- Poster presentation
- Open Access
Quantification of septal and whole slice myocardial blood flow by myocardial perfusion CMR is similar in healthy volunteers
© Erhayiem et al.; licensee BioMed Central Ltd. 2014
- Published: 16 January 2014
- Myocardial Blood Flow
- Myocardial Perfusion Reserve
- British Heart Foundation
- Volume Artefact
- Stress Myocardial Blood Flow
First pass myocardial perfusion CMR allows quantification of myocardial blood flow (MBF). MBF estimation with whole-heart tissue response may be useful in a variety of systemic diseases, but can be limited by suboptimal imaging in one or more segments. The interventricular septum (IVS) offers an attractive target for MBF imaging, as it offers higher signal and less partial volume artefact from blood pool. It has been proposed that T1 measurements taken from the IVS are more reliable than measurements from an entire short axis slice. We hypothesised that MBF estimation from the IVS would be similar to whole-heart estimation.
Nine healthy volunteers underwent CMR at 3.0T (Philips Achieva TX, 32 channel receiver coil). First-pass perfusion imaging in three short-axis LV slices was performed during administration of 0.075 mmol/L/kg of gadobutrol at basal, mid-ventricular and apical short-axis slices. This protocol was performed following 3 minutes of 140 mcg/kg/min adenosine for stress perfusion and repeated 15 minutes later at rest. MBF estimation was performed using Fermi deconvolution (PMI v.0.4, [Sourbron, 2009]) with basal blood pool providing the arterial input. Tissue response with whole mid-ventricular myocardium and limited IVS contours were compared. Myocardial perfusion reserve (MPR) was calculated by dividing stress MBF by rest MBF. Adequate hemodynamic response was defined as heart rate increase ≥10/min or blood pressure decrease ≤10 mmHg or presence of significant chest discomfort or dyspnoea.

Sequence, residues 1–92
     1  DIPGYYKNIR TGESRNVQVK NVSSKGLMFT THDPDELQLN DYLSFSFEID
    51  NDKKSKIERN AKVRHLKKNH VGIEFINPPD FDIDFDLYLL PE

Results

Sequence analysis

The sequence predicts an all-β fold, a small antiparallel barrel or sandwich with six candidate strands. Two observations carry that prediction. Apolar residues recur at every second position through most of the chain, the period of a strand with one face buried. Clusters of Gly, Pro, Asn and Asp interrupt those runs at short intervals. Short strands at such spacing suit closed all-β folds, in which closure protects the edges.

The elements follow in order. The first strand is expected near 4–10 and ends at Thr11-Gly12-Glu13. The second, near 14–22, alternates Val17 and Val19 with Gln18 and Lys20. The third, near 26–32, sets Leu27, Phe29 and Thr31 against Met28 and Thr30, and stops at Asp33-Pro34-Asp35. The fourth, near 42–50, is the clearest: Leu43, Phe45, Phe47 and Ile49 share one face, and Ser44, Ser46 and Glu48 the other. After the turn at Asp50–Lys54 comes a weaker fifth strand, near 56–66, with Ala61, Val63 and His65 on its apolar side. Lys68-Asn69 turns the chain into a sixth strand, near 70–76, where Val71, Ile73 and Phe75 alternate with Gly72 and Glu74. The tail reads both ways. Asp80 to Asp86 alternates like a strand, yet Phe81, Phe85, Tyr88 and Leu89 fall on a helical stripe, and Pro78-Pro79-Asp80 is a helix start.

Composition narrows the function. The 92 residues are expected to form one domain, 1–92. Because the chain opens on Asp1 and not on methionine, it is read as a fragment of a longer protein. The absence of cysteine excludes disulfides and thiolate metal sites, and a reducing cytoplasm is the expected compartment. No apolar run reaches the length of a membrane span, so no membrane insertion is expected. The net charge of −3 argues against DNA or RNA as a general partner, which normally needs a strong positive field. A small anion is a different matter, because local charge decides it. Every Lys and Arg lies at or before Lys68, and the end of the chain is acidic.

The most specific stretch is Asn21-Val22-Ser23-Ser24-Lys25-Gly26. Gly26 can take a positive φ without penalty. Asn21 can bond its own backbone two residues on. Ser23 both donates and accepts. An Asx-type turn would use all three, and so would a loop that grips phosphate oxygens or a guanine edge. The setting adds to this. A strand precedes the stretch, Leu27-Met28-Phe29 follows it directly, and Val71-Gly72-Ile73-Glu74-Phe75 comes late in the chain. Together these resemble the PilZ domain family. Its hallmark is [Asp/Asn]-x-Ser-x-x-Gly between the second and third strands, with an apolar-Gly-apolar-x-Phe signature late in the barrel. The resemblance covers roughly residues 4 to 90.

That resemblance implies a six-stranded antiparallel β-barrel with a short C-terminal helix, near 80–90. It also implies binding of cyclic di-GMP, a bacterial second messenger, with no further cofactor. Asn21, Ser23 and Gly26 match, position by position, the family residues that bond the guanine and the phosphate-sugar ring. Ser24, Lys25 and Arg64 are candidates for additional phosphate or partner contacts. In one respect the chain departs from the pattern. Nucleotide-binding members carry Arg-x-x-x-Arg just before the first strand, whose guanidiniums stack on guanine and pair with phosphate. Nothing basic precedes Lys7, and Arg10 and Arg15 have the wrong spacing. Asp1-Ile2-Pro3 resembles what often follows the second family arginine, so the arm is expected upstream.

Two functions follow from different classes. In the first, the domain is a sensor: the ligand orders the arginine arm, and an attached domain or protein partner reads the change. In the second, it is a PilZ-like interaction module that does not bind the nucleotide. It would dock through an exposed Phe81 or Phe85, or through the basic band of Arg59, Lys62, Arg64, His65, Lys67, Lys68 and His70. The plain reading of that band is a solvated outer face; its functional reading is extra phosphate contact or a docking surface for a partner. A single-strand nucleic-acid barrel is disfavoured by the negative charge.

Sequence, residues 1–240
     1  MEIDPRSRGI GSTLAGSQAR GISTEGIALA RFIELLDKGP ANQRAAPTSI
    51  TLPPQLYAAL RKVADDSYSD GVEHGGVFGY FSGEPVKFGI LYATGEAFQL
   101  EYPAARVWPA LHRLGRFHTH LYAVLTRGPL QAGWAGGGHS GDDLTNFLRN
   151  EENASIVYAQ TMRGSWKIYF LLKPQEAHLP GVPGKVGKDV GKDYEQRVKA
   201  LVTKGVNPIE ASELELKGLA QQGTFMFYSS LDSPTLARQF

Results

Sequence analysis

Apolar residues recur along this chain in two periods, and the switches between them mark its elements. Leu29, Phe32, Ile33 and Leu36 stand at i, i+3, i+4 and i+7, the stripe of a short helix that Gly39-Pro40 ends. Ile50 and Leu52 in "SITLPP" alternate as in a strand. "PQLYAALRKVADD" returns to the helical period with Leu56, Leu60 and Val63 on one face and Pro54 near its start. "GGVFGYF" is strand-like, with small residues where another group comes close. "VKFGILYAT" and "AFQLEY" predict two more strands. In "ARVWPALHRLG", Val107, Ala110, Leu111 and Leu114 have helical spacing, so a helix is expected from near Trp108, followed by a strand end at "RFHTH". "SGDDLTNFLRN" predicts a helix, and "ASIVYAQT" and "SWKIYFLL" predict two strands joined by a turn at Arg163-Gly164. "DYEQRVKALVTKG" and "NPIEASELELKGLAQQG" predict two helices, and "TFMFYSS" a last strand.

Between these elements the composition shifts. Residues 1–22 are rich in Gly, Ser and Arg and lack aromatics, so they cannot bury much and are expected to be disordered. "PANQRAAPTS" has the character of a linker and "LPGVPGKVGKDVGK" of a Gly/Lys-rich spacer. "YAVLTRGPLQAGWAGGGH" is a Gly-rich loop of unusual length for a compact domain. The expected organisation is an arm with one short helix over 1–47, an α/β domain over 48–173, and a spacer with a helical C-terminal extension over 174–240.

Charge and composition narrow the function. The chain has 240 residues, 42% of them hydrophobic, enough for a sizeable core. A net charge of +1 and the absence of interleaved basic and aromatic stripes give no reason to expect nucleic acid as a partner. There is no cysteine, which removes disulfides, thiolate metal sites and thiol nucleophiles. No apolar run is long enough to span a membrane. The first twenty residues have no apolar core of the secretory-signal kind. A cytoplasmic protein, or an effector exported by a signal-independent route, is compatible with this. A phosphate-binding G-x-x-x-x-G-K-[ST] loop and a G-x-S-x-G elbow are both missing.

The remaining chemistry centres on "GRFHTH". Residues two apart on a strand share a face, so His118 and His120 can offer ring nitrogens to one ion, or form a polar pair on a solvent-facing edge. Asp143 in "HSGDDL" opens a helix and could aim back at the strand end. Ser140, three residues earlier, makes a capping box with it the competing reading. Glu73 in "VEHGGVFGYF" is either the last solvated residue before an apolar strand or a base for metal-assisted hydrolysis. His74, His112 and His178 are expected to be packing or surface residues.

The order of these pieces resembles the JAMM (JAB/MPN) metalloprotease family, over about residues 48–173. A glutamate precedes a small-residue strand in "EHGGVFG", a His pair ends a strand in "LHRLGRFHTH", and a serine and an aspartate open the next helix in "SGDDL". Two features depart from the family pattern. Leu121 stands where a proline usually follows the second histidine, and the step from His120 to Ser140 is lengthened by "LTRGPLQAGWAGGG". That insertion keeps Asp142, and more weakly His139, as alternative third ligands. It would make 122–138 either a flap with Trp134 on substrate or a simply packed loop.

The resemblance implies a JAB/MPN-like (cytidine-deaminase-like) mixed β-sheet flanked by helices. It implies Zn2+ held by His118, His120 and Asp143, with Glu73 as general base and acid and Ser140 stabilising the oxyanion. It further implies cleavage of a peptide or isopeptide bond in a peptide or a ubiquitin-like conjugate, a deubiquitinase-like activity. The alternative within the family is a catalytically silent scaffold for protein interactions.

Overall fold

Limited septal quantification of MBF is similar to whole-heart region of interest. This technique may simplify MBF estimation for those with suboptimal imaging outside of the septum or low myocardial signal.
JPG and SP receive a research grant from Philips Healthcare. SP is funded by British Heart Foundation fellowship (FS/10/62/28409).
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